Caught in a Trap
Caught in a Trap
Who is actually paying the extra Stamp Duty?
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The 2015 Autumn Statement saw the government announce another change to the Stamp Duty regime – this time aimed at landlords and second home owners. For the first time, someone who only owns one home is treated differently to someone who owns more. The government’s aim was to stop people ‘buying homes to let, and squeezing out families who can’t afford to buy’. Official statistics show that in the first three months since the change was introduced, 11% of homes sold in the UK attracted the surcharge. That increased to 19% in the third quarter of 2016 and to 22% in the fourth. Countrywide sales suggest that the proportion of buyers paying the surcharge will settle at around a quarter.
That is a large proportion, so who exactly is paying up? With the surcharge firmly aimed at investors, it’s not surprising that landlords are the largest group of people paying the higher rates. Over the first nine months they accounted for 60% of the sales liable for the surcharge, equating to 89,640 of the 149,400 transactions liable for the higher rate. While the number of homes bought by landlords dropped sharply when the new charge kicked in, they have increased as a proportion of all sales in every subsequent month.
However, 40% (59,760 homes) of those paying the surcharge aren’t landlords and had to pay an extra £8,560 in Stamp Duty on top of what they would have previously paid. The largest, 21% (31,374 homes), are owner occupiers who are yet to sell their original residence. For some, paying the extra Stamp Duty will be a short term outlay that they will recoup when they sell their current main residence within three years. But others have chosen to hold onto what was their main residence and will not receive a refund.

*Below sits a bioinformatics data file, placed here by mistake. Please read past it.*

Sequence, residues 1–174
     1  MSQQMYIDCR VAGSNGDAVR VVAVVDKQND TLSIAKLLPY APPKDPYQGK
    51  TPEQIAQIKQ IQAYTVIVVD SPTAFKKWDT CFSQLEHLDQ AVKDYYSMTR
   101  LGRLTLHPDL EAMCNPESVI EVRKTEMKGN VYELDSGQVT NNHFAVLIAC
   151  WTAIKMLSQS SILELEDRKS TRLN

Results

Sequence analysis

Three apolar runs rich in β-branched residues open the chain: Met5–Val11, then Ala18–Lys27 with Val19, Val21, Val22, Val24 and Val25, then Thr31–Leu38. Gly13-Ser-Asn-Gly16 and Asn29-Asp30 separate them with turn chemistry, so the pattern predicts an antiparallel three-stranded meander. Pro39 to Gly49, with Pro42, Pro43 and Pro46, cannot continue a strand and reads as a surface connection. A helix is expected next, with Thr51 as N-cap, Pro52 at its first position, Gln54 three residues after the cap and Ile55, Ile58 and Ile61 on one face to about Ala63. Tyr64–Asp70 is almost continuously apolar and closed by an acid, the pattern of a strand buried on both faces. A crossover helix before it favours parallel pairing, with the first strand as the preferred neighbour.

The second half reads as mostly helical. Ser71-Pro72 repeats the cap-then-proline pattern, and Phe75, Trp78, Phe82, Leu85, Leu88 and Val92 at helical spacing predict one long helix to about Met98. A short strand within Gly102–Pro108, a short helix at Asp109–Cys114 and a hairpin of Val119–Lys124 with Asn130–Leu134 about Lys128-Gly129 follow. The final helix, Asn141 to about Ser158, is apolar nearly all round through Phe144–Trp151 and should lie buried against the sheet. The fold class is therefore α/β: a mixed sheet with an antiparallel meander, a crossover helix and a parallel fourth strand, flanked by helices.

Therefore second home buyers make up 9% (13,446 homes) of people paying the extra 3%, but it has made little difference to their behaviour. That’s probably because the decision to buy a second home often isn’t purely based on finances and because people tend to hang on to second homes for a long time.
Small developers, those buying homes to do up and sell on, make up 8% (11,952 homes) of the purchases paying the extra 3% Stamp Duty. Given their inability to spread the higher rate over a longer period, these micro developers have been the buyers hardest hit by the higher rates. Across the country as a whole their numbers are running at around half the levels they were. In London, where in cash terms the additional Stamp Duty is most expensive, the number of people buying homes to do up and sell on is down by two thirds.
The final 2% (2,988 homes) of people paying the extra Stamp Duty are parents and relatives buying a home with their children. For some, having parents on the deeds is what it takes to make the purchase affordable while for others the home is bought by a parent for their children to live in.
It’s clear that the Stamp Duty surcharge has caught more people than the government envisaged and has raised almost twice as much as first thought. But it also acts as a disincentive to buy and sell. Landlords are now thinking much harder both about buying and selling, with the cost of replacing a sold home now substantially higher.